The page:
West Bromwich Building Society Lose Tracker Mortgage Case

West Bromwich Building Society Lose Tracker Mortgage Case at Appeal Court


At LettingFocus we supported Property118 all the way – and we were the first people they credited in their press release which gave news of the result. We attended both the day at the High Court (see link) and the Court of Appeal. We do not have a mortgage with West Brom but we were outraged by the injustice of what they did – and could see a precedent being set if they were also to be allowed to get away with this. Congratulations to Mark Alexander for the work in organising the class action.

Three years ago, landlords could never believe that a lender would try to implement something that was so blatantly wrong.

And the case puts the FOS and the FCA in a very bad light indeed. They failed to help affected borrowers, leaving to them to have to go through an arduous court process  – indeed all the way to Appeal Court to get justice.

Landlords will now wish to take on the Skipton and the Bank of Ireland who have in the past got away with similar hikes. These lenders should do the honourable thing and pay back what they owe from their own illegally hiked rates. But if they don’t, I am sure Mark Alexander and the team from Cotswold Barristers will also be coming for them soon. I understand that the Bank of Ireland case is even more outrageous.

For all mortgage lenders, they will now realise that they cannot renege on validly and fairly entered into contract terms. I hope the Council of Mortgage Lenders is also watching.

Note, that “The West Brom” (as they like to style themselves) singled out landlords with three or more properties – clearly they must have known that what they were doing would have fallen foul of fair contract rules, which would arguably apply to smaller landlords who may be deemed to be consumers. A smarter business (or one not already struggling financially perhaps) might have considered whether that fact alone pointed to the fact that what they were proposing to do was wrong and then not gone ahead!

It is a great result and congratulations to Mark Alexander of Property 118.

Property 118 is now organising to take the fight to other lenders, with the Skipton and the Bank of Ireland probably to be next in line.  You can sign up here:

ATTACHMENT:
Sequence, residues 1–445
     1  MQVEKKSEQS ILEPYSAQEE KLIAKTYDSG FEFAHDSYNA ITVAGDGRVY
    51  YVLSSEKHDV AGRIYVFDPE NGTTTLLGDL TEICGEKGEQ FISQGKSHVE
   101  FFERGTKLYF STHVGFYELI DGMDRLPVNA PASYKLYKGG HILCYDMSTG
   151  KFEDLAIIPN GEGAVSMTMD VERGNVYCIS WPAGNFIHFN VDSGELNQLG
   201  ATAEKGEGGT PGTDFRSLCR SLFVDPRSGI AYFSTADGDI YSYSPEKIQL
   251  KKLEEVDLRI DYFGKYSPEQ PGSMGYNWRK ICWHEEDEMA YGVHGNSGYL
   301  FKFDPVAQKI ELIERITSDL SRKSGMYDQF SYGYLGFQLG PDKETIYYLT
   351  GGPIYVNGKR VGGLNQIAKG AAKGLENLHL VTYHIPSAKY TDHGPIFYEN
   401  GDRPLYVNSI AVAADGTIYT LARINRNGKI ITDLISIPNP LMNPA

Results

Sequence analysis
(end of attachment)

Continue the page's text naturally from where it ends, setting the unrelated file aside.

We must say well done to the “Daily Telegraph” who were almost unique among the national broadsheets in highlighting the injustice of what West Brom had done.

Past background on this story here, (covering up to the earlier High Court loss):


We are very pleased for Mark Alexander. I am sure a little celebration will be planned once Mark has finished his press interviews. I look forward to sharing a few drinks with him.

For those wishing to enjoy a read of the full judgement of the Appeal Court judges, you can see it here – and the quote below is a telling snippet from the judgement. (Note the Appeal Court case was heard by Lord Leveson (of press enquiry fame) with Lady Justice Sharp and Lord Justice Hamblen):


As put to Mr Cox QC in oral argument, one way of testing whether clauses can be “fairly” or “sensibly” read together is by seeking to put them together in a single clause. Such a clause would be to the effect that the variable rate is to be the Bank of England Base Rate plus a premium of 1.99%, subject to the Lender’s right to vary that rate at any time for broadly specified or unspecified “valid” reasons in accordance with clause 5 of the Mortgage Conditions. Faced with such a clause a reasonable borrower would understandably question what was being agreed and whether there was any obligation to provide the product described in the Offer Document. The answer would be that the Lender is only agreeing to provide such a product unless and until he decides to vary the rate and that accordingly he is effectively under no obligation to provide it. That is negation; not modification or qualification.”


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